The number of UK companies needing to make use of insolvency services fell in January this year, a new report has revealed.
A study by Experian has revealed that the first month of 2012 saw 0.07 per cent of UK businesses becoming insolvent, compared with 0.11 per cent in December.
The news came at the same time as the Experian Business Insolvency Index showed an improvement in the overall health of businesses, with the reading rising from 83.73 to 84.01.
However, while the report noted that the level of insolvency was comparable with that of a year ago across most sectors of the economy, the rate for firms with more than 501 employees was up from 0.07 per cent to 0.2 per cent.
The largest drop in insolvencies was in Yorkshire, where the rate fell from 0.15 per cent in December to 0.09 per cent in January. The second largest falls came in London 9from 0.1 per cent to 0.05 per cent) and the south-east (from 0.11 per cent to 0.05 per cent).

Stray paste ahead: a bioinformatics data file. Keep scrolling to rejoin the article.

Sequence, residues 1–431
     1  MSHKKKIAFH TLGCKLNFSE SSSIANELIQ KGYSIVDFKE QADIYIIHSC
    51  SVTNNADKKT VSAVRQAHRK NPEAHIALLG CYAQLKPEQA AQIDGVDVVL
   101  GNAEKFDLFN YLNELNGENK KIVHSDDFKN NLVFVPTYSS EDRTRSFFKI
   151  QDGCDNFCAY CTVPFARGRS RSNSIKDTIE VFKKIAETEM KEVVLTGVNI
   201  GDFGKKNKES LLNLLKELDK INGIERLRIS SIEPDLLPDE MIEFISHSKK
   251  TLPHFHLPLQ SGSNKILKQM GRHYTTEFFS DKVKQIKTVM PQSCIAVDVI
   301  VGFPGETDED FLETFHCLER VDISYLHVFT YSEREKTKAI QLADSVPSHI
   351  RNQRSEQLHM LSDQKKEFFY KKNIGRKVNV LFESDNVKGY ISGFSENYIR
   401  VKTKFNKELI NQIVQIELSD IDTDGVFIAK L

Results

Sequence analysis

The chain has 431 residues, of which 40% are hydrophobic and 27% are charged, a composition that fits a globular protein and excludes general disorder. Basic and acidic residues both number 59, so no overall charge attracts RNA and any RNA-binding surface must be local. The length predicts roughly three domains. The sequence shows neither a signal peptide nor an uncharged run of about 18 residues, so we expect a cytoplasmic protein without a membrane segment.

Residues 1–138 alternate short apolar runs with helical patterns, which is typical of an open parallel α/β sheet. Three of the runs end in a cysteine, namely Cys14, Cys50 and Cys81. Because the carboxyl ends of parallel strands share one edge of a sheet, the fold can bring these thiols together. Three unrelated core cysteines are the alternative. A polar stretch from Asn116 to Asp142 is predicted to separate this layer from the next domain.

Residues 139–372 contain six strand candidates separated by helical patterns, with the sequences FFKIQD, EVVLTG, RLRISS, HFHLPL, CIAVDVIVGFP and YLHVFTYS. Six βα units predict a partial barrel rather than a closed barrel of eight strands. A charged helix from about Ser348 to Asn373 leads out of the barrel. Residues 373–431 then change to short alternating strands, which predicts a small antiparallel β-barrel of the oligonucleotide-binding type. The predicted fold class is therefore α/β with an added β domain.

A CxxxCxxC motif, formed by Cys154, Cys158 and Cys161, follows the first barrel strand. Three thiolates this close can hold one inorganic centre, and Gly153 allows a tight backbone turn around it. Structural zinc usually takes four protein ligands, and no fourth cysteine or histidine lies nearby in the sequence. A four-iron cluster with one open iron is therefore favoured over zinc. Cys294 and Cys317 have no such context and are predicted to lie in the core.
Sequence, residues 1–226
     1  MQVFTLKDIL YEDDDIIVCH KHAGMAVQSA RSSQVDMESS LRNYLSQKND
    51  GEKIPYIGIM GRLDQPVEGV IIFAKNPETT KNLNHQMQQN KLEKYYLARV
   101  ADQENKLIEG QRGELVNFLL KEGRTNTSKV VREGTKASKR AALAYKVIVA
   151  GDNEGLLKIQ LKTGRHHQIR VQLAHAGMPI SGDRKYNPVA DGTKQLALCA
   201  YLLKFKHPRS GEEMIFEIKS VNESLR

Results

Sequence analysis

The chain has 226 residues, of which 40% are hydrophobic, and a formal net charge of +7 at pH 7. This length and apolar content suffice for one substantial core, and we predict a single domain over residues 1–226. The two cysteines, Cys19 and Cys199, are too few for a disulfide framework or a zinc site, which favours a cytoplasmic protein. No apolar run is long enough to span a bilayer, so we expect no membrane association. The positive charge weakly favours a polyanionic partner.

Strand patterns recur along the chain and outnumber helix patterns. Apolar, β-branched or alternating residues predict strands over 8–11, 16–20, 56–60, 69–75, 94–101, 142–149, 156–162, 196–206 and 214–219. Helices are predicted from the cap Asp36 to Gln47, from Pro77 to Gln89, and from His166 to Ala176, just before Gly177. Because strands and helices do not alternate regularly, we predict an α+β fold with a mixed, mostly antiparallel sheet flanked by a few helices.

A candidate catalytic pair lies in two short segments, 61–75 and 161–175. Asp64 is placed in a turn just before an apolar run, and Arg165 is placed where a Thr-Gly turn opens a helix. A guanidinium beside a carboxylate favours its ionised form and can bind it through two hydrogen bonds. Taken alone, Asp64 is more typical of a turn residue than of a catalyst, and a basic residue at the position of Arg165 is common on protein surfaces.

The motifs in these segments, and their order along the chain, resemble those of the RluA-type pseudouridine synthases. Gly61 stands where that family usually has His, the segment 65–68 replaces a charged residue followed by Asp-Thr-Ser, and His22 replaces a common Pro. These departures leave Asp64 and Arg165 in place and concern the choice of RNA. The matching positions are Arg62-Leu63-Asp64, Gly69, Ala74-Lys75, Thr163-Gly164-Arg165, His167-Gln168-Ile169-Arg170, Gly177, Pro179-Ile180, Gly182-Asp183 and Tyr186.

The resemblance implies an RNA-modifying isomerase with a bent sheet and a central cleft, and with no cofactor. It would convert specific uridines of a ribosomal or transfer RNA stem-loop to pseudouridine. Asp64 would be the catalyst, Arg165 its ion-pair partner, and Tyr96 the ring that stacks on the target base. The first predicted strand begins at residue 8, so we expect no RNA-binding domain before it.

UK managing director for Experian's business information services division Max Firth said the fall in insolvency rates back to where it was at the start of 2011 is "certainly positive" and suggested that with many companies seeing their "underlying financial strength" gradually increasing, there is room for "cautious optimism" in 2012.
But that is not the whole story, he added, stating: "The latest data has, however, revealed an increase in the rate of insolvencies for the largest firms. This highlights that despite a positive start to 2012, businesses of all sizes still need to understand the risks they are exposed to and have strategies in place to protect themselves."
Overall, small and medium enterprises (SMEs) were less likely to suffer insolvency than larger firms, the report found.
Such a revelation comes despite the fact that official figures revealed the Project Merlin targets for bank lending to SMEs in the year to February 9th 2012 were missed, reaching only £74.9 billion instead of the £76 billion that was supposed to be provided.